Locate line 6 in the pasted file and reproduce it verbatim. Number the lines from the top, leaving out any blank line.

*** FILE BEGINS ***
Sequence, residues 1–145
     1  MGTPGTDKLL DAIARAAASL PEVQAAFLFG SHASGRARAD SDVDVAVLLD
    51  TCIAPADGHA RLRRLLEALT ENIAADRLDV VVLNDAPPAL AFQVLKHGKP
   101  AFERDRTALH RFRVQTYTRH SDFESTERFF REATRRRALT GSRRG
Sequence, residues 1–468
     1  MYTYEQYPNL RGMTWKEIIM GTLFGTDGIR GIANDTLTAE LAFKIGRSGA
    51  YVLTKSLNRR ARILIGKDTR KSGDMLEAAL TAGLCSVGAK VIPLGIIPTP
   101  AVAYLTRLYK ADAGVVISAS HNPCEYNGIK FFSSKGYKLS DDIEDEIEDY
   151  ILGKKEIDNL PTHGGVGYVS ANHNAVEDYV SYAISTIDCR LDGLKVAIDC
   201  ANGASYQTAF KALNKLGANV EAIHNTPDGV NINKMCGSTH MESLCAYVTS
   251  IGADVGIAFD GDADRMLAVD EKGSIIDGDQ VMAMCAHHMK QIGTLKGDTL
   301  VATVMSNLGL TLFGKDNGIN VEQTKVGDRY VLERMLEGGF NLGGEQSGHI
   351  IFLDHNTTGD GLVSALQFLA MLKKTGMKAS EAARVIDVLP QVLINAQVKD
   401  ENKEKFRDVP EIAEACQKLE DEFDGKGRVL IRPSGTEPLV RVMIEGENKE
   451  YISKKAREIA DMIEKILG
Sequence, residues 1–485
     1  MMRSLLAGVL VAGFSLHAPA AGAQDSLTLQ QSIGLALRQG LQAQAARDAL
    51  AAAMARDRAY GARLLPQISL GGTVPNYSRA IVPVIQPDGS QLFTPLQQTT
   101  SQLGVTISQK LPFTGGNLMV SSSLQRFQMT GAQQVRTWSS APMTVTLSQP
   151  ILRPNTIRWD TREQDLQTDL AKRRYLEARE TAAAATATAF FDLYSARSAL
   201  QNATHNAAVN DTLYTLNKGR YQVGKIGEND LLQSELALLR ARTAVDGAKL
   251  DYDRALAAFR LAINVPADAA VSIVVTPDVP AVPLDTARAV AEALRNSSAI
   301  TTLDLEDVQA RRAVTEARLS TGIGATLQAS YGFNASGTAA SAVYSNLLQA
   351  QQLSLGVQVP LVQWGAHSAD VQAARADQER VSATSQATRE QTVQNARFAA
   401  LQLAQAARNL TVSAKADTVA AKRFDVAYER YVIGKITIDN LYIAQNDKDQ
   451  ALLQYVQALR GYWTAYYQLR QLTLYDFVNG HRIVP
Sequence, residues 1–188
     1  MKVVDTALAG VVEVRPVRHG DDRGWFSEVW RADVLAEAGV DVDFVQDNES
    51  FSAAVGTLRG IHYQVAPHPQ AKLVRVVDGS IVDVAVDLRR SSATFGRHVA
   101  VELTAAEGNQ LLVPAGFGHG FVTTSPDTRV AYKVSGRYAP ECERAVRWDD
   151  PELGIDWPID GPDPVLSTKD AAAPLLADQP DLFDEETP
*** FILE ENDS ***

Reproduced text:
     1  MYTYEQYPNL RGMTWKEIIM GTLFGTDGIR GIANDTLTAE LAFKIGRSGA